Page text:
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Would a Black-owned bank in Utah help those excluded from access to financial services?

Holladay Bank & Trust in Holladay, Utah, March 7, 2023. A group of Black investors has announced their purchase of the 49-year-old bank.
Jim Hill
Holladay Bank & Trust in Holladay, Utah, March 7, 2023. A group of Black investors has announced their purchase of the 49-year-old bank.

The face of bank ownership in Utah is changing.

A group of black investors is acquiring Utah-based Holladay Bank and Trust. The deal by Redemption Holding Company marks the first time an existing commercial bank would become a Minority Depository Institution via acquisition.

According to the Federal Deposit Insurance Corp., a Minority Depository Institution is a formal federal designation for banks and credit unions that are either owned or directed primarily by African Americans, Asian Americans, Hispanic Americans or Native Americans. Minority individuals make up 51% or more of voting stock.

It would be one of 17 Black-owned banks across the United States and Holladay Bank and Trust would be the only one in the Mountain West region. The bank has been serving Utah since 1974.

The move is welcomed by Utah's Black Chamber of Commerce.

"When you look at Black-owned banks in other parts of the country, what they really do is have the opportunity to provide what we truly call community banking,” said President and Chamber CEO Sidni Shorter. “And when we define community from a diverse culture, it does come with a certain set of understandings that for especially for Black businesses and I'll speak from a chamber perspective, that it's critically important to have a banking relationship where there is someone that understands some of the challenges that you have just being in business."

Shorter is hopeful this will lead to more opportunities to establish a banking relationship with small minority business owners as well as those looking at other financial products like a home loan.

Redemption Holding Company is led by former White House Policy Advisor and Small Business Administration Regional Administrator, Ashley D. Bell. Dr. Bernice A. King, daughter of the late Dr. Martin Luther King, Jr. and Coretta Scott King will serve on the corporation's advisory board.

Bell told The Hill that Redemption will serve as a lifeline to the next wave of Black and Brown first-time home buyers and small business entrepreneurs across the country.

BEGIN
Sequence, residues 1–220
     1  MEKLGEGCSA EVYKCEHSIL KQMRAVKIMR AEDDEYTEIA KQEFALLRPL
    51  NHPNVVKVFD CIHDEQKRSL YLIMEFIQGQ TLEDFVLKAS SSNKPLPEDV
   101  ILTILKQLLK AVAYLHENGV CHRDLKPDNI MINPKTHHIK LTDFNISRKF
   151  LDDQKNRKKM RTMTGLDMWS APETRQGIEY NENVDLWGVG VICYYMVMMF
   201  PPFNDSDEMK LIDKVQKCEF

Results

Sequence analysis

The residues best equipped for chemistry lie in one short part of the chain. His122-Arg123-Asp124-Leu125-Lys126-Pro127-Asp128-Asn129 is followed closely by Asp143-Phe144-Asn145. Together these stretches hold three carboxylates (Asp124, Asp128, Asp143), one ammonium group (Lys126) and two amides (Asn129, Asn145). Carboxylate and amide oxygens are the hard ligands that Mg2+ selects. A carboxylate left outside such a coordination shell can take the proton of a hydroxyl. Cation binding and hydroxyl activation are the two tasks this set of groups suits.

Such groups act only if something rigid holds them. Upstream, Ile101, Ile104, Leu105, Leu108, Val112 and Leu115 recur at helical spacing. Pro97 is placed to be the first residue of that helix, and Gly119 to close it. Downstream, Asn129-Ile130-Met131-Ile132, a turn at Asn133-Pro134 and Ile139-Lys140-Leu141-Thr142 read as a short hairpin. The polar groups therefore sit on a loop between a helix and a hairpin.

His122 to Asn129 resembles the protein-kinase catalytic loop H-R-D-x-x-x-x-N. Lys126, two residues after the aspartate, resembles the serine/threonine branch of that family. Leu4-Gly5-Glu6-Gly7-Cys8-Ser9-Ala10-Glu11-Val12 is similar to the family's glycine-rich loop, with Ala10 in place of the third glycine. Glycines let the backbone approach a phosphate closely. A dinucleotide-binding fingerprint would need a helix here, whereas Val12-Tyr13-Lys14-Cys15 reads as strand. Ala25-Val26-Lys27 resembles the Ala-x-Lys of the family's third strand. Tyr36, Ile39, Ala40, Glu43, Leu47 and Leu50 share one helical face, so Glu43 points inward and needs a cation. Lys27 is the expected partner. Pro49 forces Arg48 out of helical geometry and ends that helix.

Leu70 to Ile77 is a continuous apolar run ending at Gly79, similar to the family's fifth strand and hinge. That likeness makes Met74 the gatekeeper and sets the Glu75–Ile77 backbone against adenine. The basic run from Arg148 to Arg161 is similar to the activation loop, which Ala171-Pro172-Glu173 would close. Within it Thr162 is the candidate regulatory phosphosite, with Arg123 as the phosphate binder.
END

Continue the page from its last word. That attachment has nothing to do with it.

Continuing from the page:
Figures from the U.S. Census Bureau show that African Americans only make up 1.5% of the population in Utah. Hispanics are 14.8% of the population. Digging further into 2021 American Community Survey data from the bureau, Black homeownership in Utah sits at 0.4%, and with Hispanics, it’s at 9.7%.

For My Home Utah LLC owner Justin Moody, having a Black-owned bank in Utah is a step forward for minorities in the state. Moody said one of the reasons he got into real estate was to help minorities have a chance of realizing their dream of owning a home.

"You know, when you're a client, you make good money, you have a job and you just don't get passed along to a lender. I think that was the issue that Utah was dealing with. But it's starting to take shape and people are actually starting to take notice and it's starting to change."

Moody said lenders need to be more open to people of different backgrounds. In the meantime, he encourages future home buyers to educate themselves on the resources that are available through the state.

"They have government programs not only for minorities but for everyone — where it's basically they'll give you your down payment. Most people think that, ‘oh, I got to have an 800 credit score.’ Or, you know, a million dollars in the bank, and we're not that," Moody said.

At this point, it's unclear how Redemption Holding Company will work to ease any real estate barriers for minorities in the state. The Utah Black Chamber is hopeful though it will provide another option for individuals who may have been denied financial support elsewhere.

It’s something Shorter said happens more often than not.

"And one of the things that we advise them on, if you are banking with an institution and you just get a no, you have a banking institution, you don't have a banking relationship. Because it's advantageous to get to a yes because getting to the yes gets you as a customer what you need, but it also gets the bank your business."

Curtis Booker is KUER’s growth, wealth and poverty reporter in Central Utah.
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